April 2014: Be a Weeble

Be a Weeble

When I was a little girl I saw an ad for an amazing new toy, a little doll with a catchy slogan “Weebles wobble but they don’t fall down”. My little brother and I tested this claim over and over as we tried to make our Weebles stay down!

 

Years later at a self-development seminar I was asked to come up with a slogan that described my life. I was at a particularly low point, Steve was struggling with his moods, my children were having a hard time dealing with the situation, my father (who lives in Spain) was diagnosed with dementia and my mother was rapidly losing her independence as a consequence of Parkinson’s disease. All of them were looking to me to organise their care, their moral support and their daily needs.

 

As I struggled to find a phrase that captured my present situation I remembered having dinner with a friend about a year after Steve’s stroke. I was describing a litany of problems that that I had been dealing with.  She listened quietly and then said: “it is as if you have been hit with a baseball bat over and over and you just keep getting up”.  Twenty years of karate had taught me to cover up and wait for an opportunity to get up and fight back. No matter how many times I fell down I never stayed down, like a weeble I have to keep getting back up. That was it my slogan: ‘Be a Weeble’!

 

In reality it is not that simple; it can be very difficult to be that weeble. In karate there were times when I was being kicked and punched and it seemed easier to stay down then too risk getting up and having the pain and humiliation of being knocked to the ground again. But I could always hear Steve’s voice, shouting at me not to give up, to get up and fight, to ignore a broken hand or foot and get on with it…and I always did.

 

I have just lived through a week where I hit the ground hard several times, my precious little girl had her tonsils out and reacted very badly to the medication, my baby niece was rushed to hospital and I had a series of calls from Spain to say that my father’s carer had simply left without a word.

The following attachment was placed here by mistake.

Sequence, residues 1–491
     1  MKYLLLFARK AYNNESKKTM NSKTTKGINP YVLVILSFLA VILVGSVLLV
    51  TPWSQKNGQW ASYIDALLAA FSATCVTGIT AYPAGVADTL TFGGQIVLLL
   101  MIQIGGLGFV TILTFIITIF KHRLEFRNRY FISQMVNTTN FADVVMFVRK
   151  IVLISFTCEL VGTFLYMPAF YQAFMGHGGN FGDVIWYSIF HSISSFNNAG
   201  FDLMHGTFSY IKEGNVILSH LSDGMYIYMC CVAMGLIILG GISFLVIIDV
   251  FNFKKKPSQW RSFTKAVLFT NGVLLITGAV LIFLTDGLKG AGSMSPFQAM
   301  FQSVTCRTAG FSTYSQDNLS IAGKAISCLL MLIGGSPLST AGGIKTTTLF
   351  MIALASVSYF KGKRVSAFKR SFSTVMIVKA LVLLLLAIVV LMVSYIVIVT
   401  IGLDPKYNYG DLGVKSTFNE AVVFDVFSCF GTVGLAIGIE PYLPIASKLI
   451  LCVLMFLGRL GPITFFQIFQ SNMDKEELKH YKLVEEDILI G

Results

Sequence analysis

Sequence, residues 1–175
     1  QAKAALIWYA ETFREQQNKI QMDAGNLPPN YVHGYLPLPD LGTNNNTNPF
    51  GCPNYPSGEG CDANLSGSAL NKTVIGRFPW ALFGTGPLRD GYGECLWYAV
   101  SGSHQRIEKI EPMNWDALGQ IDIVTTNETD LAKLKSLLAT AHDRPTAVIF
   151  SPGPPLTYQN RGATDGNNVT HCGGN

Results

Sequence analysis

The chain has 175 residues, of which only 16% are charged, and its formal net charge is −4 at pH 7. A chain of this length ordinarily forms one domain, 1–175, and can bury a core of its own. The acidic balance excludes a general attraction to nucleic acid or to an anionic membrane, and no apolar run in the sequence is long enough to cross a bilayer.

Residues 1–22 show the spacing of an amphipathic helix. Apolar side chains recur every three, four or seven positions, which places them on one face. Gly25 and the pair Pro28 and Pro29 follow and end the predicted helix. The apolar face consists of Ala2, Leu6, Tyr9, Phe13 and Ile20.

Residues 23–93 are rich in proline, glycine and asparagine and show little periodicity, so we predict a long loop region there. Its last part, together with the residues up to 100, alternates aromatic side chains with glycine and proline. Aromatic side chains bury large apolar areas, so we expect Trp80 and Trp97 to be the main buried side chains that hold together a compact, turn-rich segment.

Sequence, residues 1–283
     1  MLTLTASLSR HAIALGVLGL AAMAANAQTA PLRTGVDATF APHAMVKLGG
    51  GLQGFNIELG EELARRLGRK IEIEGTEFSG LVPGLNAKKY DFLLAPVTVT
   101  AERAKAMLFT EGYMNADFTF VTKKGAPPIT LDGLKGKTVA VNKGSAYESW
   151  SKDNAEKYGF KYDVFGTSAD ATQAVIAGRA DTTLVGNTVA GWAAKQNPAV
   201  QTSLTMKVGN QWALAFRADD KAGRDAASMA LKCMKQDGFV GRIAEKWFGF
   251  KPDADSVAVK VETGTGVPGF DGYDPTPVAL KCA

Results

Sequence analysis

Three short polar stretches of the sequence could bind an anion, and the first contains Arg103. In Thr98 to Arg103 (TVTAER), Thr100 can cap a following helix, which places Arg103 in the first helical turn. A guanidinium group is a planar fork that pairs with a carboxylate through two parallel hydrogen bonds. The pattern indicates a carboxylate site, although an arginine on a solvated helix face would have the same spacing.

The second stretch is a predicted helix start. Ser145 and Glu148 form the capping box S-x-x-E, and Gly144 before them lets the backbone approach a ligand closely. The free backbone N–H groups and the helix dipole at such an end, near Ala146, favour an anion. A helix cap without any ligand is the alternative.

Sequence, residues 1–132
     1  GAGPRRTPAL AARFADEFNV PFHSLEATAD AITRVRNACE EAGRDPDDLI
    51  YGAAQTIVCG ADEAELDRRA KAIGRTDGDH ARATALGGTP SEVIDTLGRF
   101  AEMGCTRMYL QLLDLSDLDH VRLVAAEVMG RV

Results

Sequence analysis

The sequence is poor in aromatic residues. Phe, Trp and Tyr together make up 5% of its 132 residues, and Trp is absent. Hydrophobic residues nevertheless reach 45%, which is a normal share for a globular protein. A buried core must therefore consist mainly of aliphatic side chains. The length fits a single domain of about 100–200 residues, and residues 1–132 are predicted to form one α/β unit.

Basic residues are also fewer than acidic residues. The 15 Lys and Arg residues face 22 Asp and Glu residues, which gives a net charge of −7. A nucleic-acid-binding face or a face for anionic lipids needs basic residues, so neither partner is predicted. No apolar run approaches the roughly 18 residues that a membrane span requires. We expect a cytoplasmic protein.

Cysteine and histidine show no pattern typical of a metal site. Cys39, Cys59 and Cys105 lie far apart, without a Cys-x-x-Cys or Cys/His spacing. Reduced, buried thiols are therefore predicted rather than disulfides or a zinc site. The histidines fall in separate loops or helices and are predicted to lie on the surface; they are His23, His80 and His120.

When this was added to several other difficult ongoing situations I emotionally and physically hit the ground. Steve’s clear, strong voice is not there to help me any more and I could not work out how to pick myself up to carry on.

 

The day before Gina’s Operation was the start of Passover and I brought my girls to the Synagogue as always. While we were there a friend handed me a picture of my beautiful sister taken when she was full of life and full of hope. I remembered nagging her to come out and get on with things during her last year with us. She would tell me that she needed a few days to feel the sadness of having to leave her young boys behind. “Let me be upset until Tuesday” she would say, “and then I’ll come out again”. She was right, every so often you need time to allow yourself to grieve and  to feel the sadness before you get up again to face the next episode of your life.

 

I will always be a weeble but my sister taught me that sometimes you need a short rest before bouncing back to fight another day.

 

Author:

Neuro Hero        Neuro Hero Blog        Research and Hope        Carers’ Sanctuary magazine

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